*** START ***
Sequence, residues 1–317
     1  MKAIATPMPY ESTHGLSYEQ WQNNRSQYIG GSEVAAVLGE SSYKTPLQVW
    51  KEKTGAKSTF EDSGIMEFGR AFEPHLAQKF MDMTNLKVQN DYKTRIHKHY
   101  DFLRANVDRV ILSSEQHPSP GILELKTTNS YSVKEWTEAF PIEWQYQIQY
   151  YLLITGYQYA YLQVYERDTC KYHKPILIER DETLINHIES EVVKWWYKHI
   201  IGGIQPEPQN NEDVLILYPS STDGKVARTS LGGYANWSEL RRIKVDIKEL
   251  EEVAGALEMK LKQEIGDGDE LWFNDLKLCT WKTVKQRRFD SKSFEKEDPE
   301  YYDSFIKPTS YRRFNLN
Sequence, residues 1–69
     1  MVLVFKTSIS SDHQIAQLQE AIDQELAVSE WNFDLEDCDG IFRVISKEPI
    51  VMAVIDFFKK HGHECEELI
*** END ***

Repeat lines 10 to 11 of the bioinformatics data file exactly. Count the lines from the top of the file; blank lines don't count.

     1  MVLVFKTSIS SDHQIAQLQE AIDQELAVSE WNFDLEDCDG IFRVISKEPI
    51  VMAVIDFFKK HGHECEELI